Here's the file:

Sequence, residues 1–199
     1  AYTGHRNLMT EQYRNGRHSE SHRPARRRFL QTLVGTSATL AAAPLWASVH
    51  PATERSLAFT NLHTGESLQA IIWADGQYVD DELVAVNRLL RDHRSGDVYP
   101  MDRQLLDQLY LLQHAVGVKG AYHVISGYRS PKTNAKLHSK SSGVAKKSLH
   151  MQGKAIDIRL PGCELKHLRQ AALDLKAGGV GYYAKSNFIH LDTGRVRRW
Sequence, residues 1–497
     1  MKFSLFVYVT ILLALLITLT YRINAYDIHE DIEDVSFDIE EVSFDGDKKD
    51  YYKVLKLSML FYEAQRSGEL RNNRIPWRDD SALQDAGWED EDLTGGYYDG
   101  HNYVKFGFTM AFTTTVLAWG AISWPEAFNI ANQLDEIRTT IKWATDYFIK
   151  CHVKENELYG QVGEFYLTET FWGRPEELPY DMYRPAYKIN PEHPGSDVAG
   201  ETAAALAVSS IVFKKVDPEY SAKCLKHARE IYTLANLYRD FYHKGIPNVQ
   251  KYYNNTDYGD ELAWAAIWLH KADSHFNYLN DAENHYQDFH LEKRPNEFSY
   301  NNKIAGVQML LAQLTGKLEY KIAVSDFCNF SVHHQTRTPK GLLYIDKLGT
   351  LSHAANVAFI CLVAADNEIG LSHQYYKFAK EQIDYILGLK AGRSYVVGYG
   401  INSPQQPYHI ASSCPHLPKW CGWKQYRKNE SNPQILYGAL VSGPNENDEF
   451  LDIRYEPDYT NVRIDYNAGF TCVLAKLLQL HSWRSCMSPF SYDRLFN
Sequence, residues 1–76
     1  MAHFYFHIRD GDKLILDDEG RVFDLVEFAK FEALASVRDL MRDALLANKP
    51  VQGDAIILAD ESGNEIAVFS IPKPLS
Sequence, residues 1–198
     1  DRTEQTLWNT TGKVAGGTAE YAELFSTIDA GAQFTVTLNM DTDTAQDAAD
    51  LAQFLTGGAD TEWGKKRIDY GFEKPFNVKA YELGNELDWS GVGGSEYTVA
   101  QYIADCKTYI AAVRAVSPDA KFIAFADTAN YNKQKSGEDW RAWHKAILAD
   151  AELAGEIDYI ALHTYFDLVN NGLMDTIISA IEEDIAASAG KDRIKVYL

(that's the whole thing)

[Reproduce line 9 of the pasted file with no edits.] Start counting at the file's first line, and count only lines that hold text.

   101  HNYVKFGFTM AFTTTVLAWG AISWPEAFNI ANQLDEIRTT IKWATDYFIK